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A Digital PCR-Based Method for Efficient and Highly Specific Screening of Genome Edited Cells.

Findlay SD, Vincent KM, Berman JR, Postovit LM - PLoS ONE (2016)

Bottom Line: Here we describe a powerful alternative wherein droplet digital PCR (ddPCR) can be used to decipher homozygous from heterozygous mutations with superior levels of both precision and sensitivity.Moreover, we highlight how ddPCR can be used to assess the efficiency of varying TALEN-based strategies.Collectively, this work highlights how ddPCR-based screening can be paired with CRISPR and TALEN technologies to enable sensitive, specific, and streamlined approaches to gene editing and validation.

View Article: PubMed Central - PubMed

Affiliation: Department of Anatomy and Cell Biology, Faculty of Medicine and Dentistry, University of Western Ontario, London, Ontario, Canada.

ABSTRACT
The rapid adoption of gene editing tools such as CRISPRs and TALENs for research and eventually therapeutics necessitates assays that can rapidly detect and quantitate the desired alterations. Currently, the most commonly used assay employs "mismatch nucleases" T7E1 or "Surveyor" that recognize and cleave heteroduplexed DNA amplicons containing mismatched base-pairs. However, this assay is prone to false positives due to cancer-associated mutations and/or SNPs and requires large amounts of starting material. Here we describe a powerful alternative wherein droplet digital PCR (ddPCR) can be used to decipher homozygous from heterozygous mutations with superior levels of both precision and sensitivity. We use this assay to detect knockout inducing alterations to stem cell associated proteins, NODAL and SFRP1, generated using either TALENs or an "all-in-one" CRISPR/Cas plasmid that we have modified for one-step cloning and blue/white screening of transformants. Moreover, we highlight how ddPCR can be used to assess the efficiency of varying TALEN-based strategies. Collectively, this work highlights how ddPCR-based screening can be paired with CRISPR and TALEN technologies to enable sensitive, specific, and streamlined approaches to gene editing and validation.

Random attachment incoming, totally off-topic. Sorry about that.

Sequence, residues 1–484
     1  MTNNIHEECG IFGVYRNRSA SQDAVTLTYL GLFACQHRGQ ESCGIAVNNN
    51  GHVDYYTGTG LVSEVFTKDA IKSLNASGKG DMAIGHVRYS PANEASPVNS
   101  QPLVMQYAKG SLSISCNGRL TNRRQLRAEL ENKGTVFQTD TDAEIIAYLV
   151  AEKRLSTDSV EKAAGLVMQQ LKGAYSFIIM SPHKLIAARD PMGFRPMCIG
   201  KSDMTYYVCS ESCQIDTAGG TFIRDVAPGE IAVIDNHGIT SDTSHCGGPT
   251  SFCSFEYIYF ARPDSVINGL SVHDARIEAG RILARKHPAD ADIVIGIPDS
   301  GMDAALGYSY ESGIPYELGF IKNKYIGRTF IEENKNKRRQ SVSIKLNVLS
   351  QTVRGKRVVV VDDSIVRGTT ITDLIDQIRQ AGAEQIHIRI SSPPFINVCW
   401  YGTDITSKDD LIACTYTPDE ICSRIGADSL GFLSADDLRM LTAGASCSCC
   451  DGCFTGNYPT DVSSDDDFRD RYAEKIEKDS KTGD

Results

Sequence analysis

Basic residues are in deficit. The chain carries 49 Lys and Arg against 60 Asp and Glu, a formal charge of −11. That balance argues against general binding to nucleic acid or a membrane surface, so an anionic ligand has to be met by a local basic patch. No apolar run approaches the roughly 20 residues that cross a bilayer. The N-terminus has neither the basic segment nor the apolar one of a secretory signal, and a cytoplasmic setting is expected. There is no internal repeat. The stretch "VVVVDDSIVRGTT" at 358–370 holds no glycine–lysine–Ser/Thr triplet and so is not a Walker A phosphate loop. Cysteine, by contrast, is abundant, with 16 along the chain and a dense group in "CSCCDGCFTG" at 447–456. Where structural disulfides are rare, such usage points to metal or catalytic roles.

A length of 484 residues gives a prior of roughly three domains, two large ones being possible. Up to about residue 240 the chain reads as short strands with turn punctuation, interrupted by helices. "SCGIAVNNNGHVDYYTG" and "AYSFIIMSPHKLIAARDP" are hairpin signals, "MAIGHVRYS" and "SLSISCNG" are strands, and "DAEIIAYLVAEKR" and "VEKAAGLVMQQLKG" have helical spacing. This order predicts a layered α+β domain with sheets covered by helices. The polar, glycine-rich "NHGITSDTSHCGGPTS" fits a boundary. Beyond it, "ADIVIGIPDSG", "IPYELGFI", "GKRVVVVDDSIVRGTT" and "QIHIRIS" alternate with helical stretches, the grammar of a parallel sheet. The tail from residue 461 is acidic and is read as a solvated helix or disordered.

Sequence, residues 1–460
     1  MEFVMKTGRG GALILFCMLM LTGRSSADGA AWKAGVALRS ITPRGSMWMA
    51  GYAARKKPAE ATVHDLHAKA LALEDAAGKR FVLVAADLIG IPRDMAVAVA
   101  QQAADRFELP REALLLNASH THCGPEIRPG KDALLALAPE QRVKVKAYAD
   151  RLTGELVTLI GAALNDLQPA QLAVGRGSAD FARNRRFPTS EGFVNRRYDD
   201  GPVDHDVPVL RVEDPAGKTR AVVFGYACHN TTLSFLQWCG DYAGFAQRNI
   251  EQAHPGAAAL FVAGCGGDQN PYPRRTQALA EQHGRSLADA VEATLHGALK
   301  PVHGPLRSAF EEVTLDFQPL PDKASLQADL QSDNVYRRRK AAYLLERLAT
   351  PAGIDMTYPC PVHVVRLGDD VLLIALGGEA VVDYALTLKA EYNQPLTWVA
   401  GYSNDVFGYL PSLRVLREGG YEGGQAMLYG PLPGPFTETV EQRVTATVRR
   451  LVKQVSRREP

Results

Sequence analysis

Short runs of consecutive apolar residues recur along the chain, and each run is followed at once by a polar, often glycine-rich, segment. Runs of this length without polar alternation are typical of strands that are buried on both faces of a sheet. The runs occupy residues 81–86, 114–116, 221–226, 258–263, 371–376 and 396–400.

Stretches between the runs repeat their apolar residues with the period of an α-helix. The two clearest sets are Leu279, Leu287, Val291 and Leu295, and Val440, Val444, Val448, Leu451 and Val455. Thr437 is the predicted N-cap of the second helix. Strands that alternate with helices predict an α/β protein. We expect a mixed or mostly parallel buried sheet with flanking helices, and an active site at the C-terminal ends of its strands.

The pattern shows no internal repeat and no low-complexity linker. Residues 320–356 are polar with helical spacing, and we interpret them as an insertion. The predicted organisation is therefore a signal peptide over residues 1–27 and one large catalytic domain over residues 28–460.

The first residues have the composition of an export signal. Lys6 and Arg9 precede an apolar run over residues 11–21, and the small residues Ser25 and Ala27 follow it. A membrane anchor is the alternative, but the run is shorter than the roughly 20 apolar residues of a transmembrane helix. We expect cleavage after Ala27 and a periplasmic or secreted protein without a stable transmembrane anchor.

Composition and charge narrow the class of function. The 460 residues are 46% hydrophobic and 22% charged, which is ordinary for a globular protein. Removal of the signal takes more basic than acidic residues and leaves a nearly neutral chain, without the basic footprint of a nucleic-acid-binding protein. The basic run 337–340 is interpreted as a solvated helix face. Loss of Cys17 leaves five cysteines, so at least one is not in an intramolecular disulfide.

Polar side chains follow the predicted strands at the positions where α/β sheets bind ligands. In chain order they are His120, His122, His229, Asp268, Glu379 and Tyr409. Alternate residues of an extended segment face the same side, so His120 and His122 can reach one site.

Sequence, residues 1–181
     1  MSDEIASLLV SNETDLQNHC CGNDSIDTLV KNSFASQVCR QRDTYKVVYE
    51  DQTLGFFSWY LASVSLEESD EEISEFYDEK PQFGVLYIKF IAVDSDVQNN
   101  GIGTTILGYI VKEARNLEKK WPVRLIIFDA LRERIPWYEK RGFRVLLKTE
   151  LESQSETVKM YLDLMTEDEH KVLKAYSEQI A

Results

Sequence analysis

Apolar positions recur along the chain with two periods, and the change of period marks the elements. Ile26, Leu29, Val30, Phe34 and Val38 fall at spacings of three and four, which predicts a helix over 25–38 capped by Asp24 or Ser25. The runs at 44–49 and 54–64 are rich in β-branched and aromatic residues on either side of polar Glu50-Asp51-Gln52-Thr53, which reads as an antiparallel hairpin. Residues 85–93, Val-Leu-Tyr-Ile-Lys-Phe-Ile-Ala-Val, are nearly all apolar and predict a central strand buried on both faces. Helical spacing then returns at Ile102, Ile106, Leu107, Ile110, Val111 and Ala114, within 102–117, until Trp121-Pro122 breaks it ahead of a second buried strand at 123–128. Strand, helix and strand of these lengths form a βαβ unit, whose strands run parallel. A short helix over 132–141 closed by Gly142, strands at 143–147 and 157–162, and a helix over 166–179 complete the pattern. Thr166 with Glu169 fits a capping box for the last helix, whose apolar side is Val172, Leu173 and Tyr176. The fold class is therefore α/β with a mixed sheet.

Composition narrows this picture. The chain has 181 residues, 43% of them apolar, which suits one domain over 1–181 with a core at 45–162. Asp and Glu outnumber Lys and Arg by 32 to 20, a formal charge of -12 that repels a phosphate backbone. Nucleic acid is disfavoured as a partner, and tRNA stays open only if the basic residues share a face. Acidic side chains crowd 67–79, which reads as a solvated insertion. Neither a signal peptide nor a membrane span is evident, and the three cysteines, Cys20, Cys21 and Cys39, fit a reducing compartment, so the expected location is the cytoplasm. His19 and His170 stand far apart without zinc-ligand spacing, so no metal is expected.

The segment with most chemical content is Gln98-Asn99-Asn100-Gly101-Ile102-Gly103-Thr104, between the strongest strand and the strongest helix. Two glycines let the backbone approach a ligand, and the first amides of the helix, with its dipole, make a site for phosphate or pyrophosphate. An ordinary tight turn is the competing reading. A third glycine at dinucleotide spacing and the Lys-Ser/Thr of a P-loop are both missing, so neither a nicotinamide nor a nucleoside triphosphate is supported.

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Related in: MedlinePlus

Droplet digital PCR can be used to screen for indels in bulk-edited populations and single cell clones.(a) Example ddPCR plots of parental population gDNA and bulk-edited population gDNA for three given genomic targets. (b) Conceptual and actual results of a T7E1 digestion resolved by gel electrophoresis for wildtype, mono-allelic mutant and bi-allelic mutant clones. (c) ddPCR plots of wildtype, mono-allelic mutant and bi-allelic mutant clones. Note that FAM and HEX are used for different probes between the SFRP1 and NODAL assays.
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pone.0153901.g002: Droplet digital PCR can be used to screen for indels in bulk-edited populations and single cell clones.(a) Example ddPCR plots of parental population gDNA and bulk-edited population gDNA for three given genomic targets. (b) Conceptual and actual results of a T7E1 digestion resolved by gel electrophoresis for wildtype, mono-allelic mutant and bi-allelic mutant clones. (c) ddPCR plots of wildtype, mono-allelic mutant and bi-allelic mutant clones. Note that FAM and HEX are used for different probes between the SFRP1 and NODAL assays.